Put simply, I want to treat my readers as partners and not crooks. There is no future in calling your most active promoters crooks.
The other one I did was 'I, Robot.' I take apart Isaac Asimov's Robots world.
I think that this misses out on some of the interesting narrative realities, which is that it actually doesn't work very well, that eliminating diversity is actually a really good way to make a species and its individuals less robust.
It's a story of little girls who are pressed into working in sweat shops in games, who spend all day doing repetitive grinding tasks like making shirts, which are then converted into gold and sold on eBay.
Novels for me are how I find out what's going on in my own head. And so that's a really useful and indeed critical thing to do when you do as many of these other things as I do.
Well, I don't know. It's long, it's longer than both of the other books put together, so it's more ambitious. I think I get under the skin of the people a lot more than in the other books.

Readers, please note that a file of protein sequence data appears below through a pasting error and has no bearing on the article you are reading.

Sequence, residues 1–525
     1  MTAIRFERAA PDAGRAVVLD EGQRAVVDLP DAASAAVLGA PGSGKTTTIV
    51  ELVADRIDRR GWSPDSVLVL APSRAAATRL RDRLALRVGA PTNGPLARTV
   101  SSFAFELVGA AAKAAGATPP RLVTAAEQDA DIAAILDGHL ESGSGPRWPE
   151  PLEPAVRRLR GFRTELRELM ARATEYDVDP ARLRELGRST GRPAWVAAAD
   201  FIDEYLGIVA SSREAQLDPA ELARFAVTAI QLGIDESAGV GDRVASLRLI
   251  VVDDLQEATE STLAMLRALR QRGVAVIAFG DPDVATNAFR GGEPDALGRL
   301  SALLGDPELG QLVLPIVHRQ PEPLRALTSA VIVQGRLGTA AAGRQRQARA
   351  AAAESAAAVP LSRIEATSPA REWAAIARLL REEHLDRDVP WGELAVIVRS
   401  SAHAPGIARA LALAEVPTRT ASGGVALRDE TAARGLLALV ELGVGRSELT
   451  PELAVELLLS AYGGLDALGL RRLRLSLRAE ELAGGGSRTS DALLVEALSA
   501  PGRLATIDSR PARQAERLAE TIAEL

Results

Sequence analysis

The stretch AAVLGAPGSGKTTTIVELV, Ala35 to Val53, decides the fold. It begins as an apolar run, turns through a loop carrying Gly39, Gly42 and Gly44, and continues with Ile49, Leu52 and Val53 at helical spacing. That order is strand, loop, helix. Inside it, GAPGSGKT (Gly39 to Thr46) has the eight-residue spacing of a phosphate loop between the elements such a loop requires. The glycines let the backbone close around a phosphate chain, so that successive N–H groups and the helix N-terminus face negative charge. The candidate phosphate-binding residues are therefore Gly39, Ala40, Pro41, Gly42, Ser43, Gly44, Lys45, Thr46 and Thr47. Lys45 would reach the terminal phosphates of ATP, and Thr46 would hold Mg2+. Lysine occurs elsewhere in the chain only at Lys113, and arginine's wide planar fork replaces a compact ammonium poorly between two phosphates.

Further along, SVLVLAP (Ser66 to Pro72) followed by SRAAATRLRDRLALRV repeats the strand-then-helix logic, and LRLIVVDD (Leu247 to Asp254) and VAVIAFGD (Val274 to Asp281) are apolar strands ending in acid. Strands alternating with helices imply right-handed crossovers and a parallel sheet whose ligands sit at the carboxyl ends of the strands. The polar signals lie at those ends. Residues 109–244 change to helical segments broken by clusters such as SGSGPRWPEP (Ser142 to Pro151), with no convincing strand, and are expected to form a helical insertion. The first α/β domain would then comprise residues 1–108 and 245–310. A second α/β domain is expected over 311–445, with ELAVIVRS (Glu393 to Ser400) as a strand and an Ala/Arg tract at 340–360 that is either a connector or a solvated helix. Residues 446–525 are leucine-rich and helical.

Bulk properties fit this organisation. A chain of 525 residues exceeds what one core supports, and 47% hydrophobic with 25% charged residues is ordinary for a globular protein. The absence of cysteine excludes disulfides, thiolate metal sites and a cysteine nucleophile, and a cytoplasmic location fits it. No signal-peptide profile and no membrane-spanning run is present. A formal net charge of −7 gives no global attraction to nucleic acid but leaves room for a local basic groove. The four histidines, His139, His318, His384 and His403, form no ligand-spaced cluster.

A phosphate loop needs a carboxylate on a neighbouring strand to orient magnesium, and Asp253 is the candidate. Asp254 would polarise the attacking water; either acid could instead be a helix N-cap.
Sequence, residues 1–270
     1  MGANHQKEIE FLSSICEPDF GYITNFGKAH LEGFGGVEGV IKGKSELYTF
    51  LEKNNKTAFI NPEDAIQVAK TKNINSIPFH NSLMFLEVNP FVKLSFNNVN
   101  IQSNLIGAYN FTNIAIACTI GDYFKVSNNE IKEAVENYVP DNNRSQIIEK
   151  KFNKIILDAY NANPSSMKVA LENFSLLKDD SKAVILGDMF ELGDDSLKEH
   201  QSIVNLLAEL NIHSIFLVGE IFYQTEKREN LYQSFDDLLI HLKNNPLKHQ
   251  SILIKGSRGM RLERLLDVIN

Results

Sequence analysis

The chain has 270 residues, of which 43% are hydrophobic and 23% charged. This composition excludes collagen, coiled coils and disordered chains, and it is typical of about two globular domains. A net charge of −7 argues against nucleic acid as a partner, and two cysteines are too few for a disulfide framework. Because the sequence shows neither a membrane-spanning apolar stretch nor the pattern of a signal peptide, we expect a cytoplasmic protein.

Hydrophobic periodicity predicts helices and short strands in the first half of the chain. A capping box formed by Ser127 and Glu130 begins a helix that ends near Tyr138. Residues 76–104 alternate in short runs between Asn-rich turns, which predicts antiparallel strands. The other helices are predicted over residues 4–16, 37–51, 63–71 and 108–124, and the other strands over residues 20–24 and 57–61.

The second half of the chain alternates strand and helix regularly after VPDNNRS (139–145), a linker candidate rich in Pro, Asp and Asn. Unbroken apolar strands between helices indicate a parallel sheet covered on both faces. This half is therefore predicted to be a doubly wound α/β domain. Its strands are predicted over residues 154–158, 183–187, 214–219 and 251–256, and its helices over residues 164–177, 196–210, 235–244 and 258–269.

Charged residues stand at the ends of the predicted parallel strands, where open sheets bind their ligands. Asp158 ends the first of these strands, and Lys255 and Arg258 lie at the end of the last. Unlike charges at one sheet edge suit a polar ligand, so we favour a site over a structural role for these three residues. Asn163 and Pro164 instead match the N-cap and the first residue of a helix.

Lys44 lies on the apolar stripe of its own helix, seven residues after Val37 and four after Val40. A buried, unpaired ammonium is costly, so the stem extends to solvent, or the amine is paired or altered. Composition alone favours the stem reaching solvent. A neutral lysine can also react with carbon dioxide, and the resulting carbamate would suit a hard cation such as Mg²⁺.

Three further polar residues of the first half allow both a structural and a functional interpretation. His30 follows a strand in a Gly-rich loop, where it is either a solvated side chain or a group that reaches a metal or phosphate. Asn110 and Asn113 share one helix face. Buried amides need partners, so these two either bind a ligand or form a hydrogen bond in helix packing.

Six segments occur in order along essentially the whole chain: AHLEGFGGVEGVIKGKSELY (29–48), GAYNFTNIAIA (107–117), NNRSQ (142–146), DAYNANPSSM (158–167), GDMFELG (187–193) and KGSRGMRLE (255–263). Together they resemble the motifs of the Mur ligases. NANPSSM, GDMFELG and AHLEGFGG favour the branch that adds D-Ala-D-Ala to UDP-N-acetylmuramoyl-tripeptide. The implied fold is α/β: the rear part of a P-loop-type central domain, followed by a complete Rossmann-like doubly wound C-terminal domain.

The accolade of your peers is very exciting, always. There's lots of good stuff on the ballot.
It's hard not to like Asimov; he's a really likable guy.
It's part of a cycle of stories I'm writing where I deconstruct classic science fiction.
My feelings towards Scott Card are pretty mixed. Politically, he and I are pretty far apart.
I had this really great amazing thing happen where I almost finished the book and I really needed to come up with an ending and I decided to go back and re-read the book and see if I could come up with an ending.
I just sit down and the page just comes out and I look at it and the elements that appear on that page have a lot to do with what's going on in my life.
It's weirder and more surprising than the other books. I think there are more places where it's just more reality bending, deliberately so. I think it's a lot more emotionally raw.
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